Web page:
He is believed to have been the first millionaire to live in the city of Astoria.

The 11,600-square-foot home is an example of Queen Anne architecture. It is now a museum and can be toured by the public.

Pennsylvania: Fallingwater

Pennsylvania: Fallingwater

Fallingwater was designed by the famous American architect Frank Lloyd Wright in the 1930s.

It was constructed over a waterfall for Edgar J. Kaufmann and his family and served as a weekend residence.

In 1963, it was donated Western Pennsylvania Conservancy and is currently open to the public.

Rhode Island: The Belcourt of Newport

Rhode Island: The Belcourt of Newport

The Belcourt of Newport is located in Newport, Rhode Island, and was designed by the famous architect Richard Morris.

It was built for Oliver Belmont, an American politician from New York, as a summer retreat home.

In 2012, the home was sold to Carolyn Rafaelian, the founder of jewelry company Alex and Ani. According to the Belcourt of Newport's website, Rafaelian is restoring the property.

South Carolina: The Robert Mills House

South Carolina: The Robert Mills House

Robert Mills was a famous architect who designed the Washington Monuments in both Baltimore and Washington, DC.

Mills designed the home in Columbia, South Carolina, in the 1820s. According to HistoricColumbia.org, the Robert Mills House is one of five National Historic Landmarks in the city.

Today, the house is a museum.

South Dakota: The Pettigrew Home

South Dakota: The Pettigrew Home

The Pettigrew Home, located in Sioux Falls, South Dakota, was purchased in 1911 by Senator Richard Franklin Pettigrew, the first US senator from South Dakota.

According to SiouxlandMuseums.com, Pettigrew opened a museum within the home to show off items he'd collected while traveling, and when he died, he left the house to the city of Sioux Falls.

Tennessee: Graceland

Tennessee: Graceland

Graceland, a mansion in Memphis, Tennessee, is famously known for being the private home of Elvis Presley.

Today, you can tour Elvis' home and even spend the night at The Guest House at Graceland, which was built after Elvis' death.

Texas: The Beer Can House

Texas: The Beer Can House

The "Beer Can House" is located in Houston, Texas. It was the brainchild of John Milkovisch.

According to local news station KHOU, the project took 20 years (and over 50,000 beer cans!) to complete.

The Beer Can House is open to the public as a tourist attraction.

Utah: The McCune Mansion

Utah: The McCune Mansion

The McCune Mansion, located in Salt Lake City, Utah, was completed in 1901 for Alfred W. McCune. McCune was an American railroad builder and politician.

The mansion was restored in 2001.

Vermont: Hildene, the Lincoln Family Home

Vermont: Hildene, the Lincoln Family Home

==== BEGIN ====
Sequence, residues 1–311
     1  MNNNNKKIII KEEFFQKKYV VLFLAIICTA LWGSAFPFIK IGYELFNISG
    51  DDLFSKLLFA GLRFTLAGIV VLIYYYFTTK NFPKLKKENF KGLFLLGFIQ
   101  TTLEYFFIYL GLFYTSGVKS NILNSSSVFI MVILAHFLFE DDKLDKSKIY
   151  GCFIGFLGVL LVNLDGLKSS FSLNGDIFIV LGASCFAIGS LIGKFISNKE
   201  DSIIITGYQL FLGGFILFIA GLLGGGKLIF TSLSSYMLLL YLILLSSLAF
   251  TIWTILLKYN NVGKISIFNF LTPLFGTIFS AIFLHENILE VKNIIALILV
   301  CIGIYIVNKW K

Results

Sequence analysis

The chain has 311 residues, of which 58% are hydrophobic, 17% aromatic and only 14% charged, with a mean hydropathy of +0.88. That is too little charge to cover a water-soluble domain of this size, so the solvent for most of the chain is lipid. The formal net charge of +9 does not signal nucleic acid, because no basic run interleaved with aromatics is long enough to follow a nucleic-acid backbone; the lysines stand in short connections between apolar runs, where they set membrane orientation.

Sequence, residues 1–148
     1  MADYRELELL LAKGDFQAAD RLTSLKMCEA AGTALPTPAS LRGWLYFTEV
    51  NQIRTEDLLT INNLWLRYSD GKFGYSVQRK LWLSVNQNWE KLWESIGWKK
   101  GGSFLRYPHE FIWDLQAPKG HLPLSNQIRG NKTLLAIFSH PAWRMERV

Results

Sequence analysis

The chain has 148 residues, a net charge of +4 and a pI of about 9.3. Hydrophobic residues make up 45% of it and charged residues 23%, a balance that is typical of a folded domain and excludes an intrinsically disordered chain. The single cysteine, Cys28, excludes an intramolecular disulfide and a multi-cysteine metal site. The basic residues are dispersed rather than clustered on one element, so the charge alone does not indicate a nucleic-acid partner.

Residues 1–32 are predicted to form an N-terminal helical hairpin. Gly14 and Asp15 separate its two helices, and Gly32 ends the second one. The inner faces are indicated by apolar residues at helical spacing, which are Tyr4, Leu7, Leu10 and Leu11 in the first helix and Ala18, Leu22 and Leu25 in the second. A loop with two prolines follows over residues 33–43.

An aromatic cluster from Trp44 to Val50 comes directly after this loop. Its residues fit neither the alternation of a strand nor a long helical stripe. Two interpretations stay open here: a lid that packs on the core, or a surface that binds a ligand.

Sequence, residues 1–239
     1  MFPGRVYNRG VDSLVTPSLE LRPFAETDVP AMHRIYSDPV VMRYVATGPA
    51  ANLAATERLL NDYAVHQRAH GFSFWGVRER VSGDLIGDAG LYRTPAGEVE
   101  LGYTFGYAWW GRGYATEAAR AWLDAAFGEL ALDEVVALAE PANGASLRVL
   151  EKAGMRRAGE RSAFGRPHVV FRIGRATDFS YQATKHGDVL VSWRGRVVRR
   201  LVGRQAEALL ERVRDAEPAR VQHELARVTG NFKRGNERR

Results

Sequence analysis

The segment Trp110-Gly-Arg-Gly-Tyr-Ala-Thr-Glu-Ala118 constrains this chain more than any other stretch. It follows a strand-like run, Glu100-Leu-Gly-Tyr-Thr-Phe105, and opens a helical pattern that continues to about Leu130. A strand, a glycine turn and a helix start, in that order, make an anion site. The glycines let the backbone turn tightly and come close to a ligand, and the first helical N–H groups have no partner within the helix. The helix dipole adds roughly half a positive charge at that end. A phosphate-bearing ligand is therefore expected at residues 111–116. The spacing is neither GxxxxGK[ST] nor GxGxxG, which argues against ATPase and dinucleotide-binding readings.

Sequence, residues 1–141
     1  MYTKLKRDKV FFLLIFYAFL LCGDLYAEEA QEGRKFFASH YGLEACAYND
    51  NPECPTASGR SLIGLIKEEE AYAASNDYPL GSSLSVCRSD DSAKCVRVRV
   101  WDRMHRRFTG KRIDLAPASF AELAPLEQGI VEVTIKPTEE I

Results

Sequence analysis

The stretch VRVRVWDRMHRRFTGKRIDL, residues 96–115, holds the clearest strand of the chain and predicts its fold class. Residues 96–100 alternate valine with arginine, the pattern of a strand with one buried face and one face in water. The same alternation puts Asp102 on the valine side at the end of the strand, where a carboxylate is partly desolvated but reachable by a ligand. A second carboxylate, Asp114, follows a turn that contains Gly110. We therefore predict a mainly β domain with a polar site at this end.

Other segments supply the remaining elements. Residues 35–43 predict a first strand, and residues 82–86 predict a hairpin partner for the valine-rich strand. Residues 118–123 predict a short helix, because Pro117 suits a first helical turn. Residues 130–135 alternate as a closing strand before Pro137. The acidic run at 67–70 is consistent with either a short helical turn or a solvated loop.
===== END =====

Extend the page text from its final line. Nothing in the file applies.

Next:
Hildene was built by Robert Lincoln, the son of Abraham and Mary Todd Lincoln.

The home, located in Bennington County, Vermont, was completed in 1905. It remained in the Lincoln family until 1975, at which point it was donated to the Church of Christ, Scientist.

A group of locals eventually formed a nonprofit to buy the historic house from the Church and they turned it into a museum, which is currently open to the public.

Virginia: Mount Vernon

Virginia: Mount Vernon

This estate in Mount Vernon, Virginia, was the home of George Washington and his wife from 1759 to 1799.

The estate was purchased by the The Mount Vernon Ladies' Association in 1858 and opened to the public in 1860.

Washington: The Thornewood Castle

Washington: The Thornewood Castle

Thornewood Castle is located in Lakewood, Washington. Parts of its structure date back nearly 500 years.

According to its website, Thornewood is the only private castle on the West Coast. It was built for Chester Thorne and his wife and completed in 1911.

The castle, which is now a historical site, offers bed & breakfast suites, vacation rentals, and a venue for events.

West Virginia: The Pearl S. Buck Birthplace

West Virginia: The Pearl S. Buck Birthplace

This Pocahontas County home was where Pearl S. Buck, a Nobel and Pulitzer Prize-winning American author, was born.

Buck was born in 1892 and received the Nobel Prize for Literature in 1938.

The home was added to the National Register of Historic Places in 1970 and is now a museum.

Wyoming: The Wyoming Historic Governors' Mansion

Wyoming: The Wyoming Historic Governors' Mansion

The Wyoming Historic Governors' Mansion, located in Cheyenne, Wyoming, served as the residence of the state's governors from 1905 to 1976.

Today, the mansion is open to the public and hosts various events throughout the year.

Wisconsin: The Pabst Mansion

Wisconsin: The Pabst Mansion

The Pabst Mansion was built for Captain Frederick and Maria Pabst and completed 1892.

Along with being a sailor, Frederick Pabst was a brewer who bought a half-interest in the Phillip Best Brewing Company (which later became the Pabst Brewing Company).

In 1975, the mansion was listed on the National Register of Historic Places. It has been open to the public since 1978.